I think Italians just like the sound of putting ci in the front of verbs that don't need it just to mess with us
Since "Ci" means "us" wouldn't it be better the other meaning of tentare: "to tempt" The whole sentence would be: "They have tempted us."
Or at the very least "They have tried us". The interpretation here eliminates "ci" completely.
I sympathise with you since I went for "they have seduced us" (think of Italian politics) but on reflection aren't both of our attempts ruled out by the fact that "tentato" would have an ending to reflect the plural in us - which I take to be a direct object? Someone please pop along and put us both out of our misery with a bit of quick guidance.
The ending of tentato wouldnothelpin this case -- with ci as "us", adjusting the ending of the past participle is only optional, not mandatory...
This is news to me - I thought it was a rule? Anyone care to comment on benczup's comment? Someone has marked ben' down without appearing to say why (I find this incredibly unhelpful and it comes across more as a put-down than a valid contribution - like folk/boring teenagers who think it cool to say "yeh-right". No disrespect to you ben' - anyone care to answer my question on ben's point?
This sentence is quite difficult and most of the comments are not really helpful. But the problem is that the translation of DL is wrong (IMHO, I'm not a native speaker)
The problem is that the verb tentare (synonym of provare = to try, to attempt) is used with di:
- tento di spiegare (I try to explain)
(the pronominal particle "CI" DON'T replace constructions with DI)
tentare qualcuno (to tempt someone; to lead into temptation) used often in religious contexts. Il diavolo tentò Gesù. But also to express that someone is tempted to do something that he should not do). Vuoi mangiare un biscotto? Non mi tentare!
tentare constructed with a = lasciarsi tentare a fare qualcosa (let one self be tempted by someone/something to do something) or "tentare al male"
colloquial: actions/things that one wants to do (that attracts) but that don't seem to be easy, appropriate or legal: È un idea che mi tenta, Il progetto mi tenterebbe.. (sentirsi tentato DI fare qualcosa.
So - on my opinion - there is no way that we have in this sentence the pronominal particle CI; it can only be the direct object pronoun Ci (us) And it's impossible that it can be translated "try" (synonym provare) because with this meaning it's always "tentare di"
Ci hanno tentato = They have tempted US.
Unfortunately it's a verb that also the Italians use often in a wrong way.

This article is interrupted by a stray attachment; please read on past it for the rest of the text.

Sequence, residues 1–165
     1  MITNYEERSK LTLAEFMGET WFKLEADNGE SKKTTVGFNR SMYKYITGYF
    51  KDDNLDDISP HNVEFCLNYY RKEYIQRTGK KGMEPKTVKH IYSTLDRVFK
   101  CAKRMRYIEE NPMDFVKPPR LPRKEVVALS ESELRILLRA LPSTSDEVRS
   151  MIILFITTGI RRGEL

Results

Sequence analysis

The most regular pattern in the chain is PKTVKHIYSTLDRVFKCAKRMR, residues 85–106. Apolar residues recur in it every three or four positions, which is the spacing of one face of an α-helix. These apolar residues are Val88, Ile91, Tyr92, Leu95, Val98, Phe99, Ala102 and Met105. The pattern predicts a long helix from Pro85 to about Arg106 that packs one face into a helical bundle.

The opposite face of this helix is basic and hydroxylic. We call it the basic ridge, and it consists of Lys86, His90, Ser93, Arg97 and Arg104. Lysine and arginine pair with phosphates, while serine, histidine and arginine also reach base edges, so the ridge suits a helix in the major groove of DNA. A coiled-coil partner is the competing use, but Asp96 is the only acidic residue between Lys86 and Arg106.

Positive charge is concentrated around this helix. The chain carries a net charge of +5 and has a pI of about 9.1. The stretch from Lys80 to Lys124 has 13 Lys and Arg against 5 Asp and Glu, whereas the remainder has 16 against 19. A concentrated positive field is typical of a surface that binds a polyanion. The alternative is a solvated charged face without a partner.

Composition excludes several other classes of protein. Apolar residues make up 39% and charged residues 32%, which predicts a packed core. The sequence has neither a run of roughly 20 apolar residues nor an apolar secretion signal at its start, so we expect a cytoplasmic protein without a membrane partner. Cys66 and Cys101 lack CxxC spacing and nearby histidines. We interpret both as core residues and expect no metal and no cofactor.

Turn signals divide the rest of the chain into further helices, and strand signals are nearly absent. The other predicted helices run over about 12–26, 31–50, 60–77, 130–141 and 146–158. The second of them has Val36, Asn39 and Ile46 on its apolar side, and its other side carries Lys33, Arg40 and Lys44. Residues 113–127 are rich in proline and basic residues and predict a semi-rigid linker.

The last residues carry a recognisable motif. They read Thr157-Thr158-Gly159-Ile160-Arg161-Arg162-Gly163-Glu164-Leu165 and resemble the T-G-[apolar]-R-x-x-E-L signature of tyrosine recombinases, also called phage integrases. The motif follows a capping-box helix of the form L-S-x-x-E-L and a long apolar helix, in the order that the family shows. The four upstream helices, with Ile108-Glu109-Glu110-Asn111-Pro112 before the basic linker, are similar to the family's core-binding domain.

But as always maybe it's better to ask a native speaker!
As someone said, probably if "tentare" had assumed the meaning "to tempt", it would have probably been "ci hanno tentati", although it doesn't sound too bad to say "ci hanno tentato" (probably due to the similarity with the expression "ci hanno tentato di...").
As a result, I feel the best translation could probably be: "They have tried". So, what does "ci" mean in this case??? I think it doesn't mean nothing, as you can read on Treccani dictionary (see 3); verbs like "sentirci" or "vederci" work in the same way. The only thing I'm not really sure is if "tentarci" does really exist (I usually use "provarci" in this way).
This was my source: Una grammatica italiana per tutti, Edilingua, p128. "Il participio passatp puoi cambiare se i pronomi diretti sono mi, ti ci , vi. Esempi. A: Anna, ti ho visto ieri con Marco vicino al centro commerciale. (si puo ache dire: ti ho vista). ..."
I definitely thought it was going for "They tried us" as in "they tried our services" or "they tried out our fighting skills" or something akin to that.
I guess I just don't understand why it wouldn't be L'hanno tentato vs. Ci hanno tentato.
Since "tentarci" is not listed as one of the idioms, am I to assume that "ci" here is meant to stand in for a prior referrent? If that's the case, this is simply unfair. Without a context, "They tried it" would be translated "L'hanno provato" or "L'hanno trovato" as they suggested...
I'm still not sure I understand. Does 'ci' mean 'it' in this case, as in "They tried it."?
The "ci" here is an intensifier, reinforcing the fact that they really did try. Other examples: Ci hai fame? Non ci vedo.
I read the ci as meaning "at it" or something like that, so it's like "they tried at it/they had a go at it"
Why can't it be 'They tried' ? Many times in the translations of this section I have dropped the "have" because it didn't sound right in English. And I feel like the same would apply in this sentence. 'They have tried' and 'They tried' means essentially the same thing imo. Thoughts?
I wrote 'They have tried us' and was marked wrong. If 'ci' is used to refer to a previous statement, give us the previous statement. Since that is not possible in this forum, then just use 'ci' as a reflexive or as 'us' and put an end to this frustration.
Something very wrong here DL surely?:
and was told that I was wrong.
Correct answers given as either:
@ They tried it.
or •@ They have tried.
Now at first, looking at the first correct answer I thought it could have been because I had missed out "it" but then the second supposedly correct answer doesn't have "it" either!!!
Can a DL mod please pop along to sort/clarify this? it's clearly driving us all barmy. I've tried and tried and tried to understand it :(
Is it really that wrong? 3.5 million hits on Google suggests it's used quite a lot.
"hanno", 3rd person plural of "avere": they have - in Italian the subject pronouns often can be left out, since they are part of the verb conjugation. All forms of avere (io ho, tu hai, lui/lei ha, noi abbiamo, voi avete, loro anno) are different, so there is no potential for confusion and thus no need to add io, tu, ...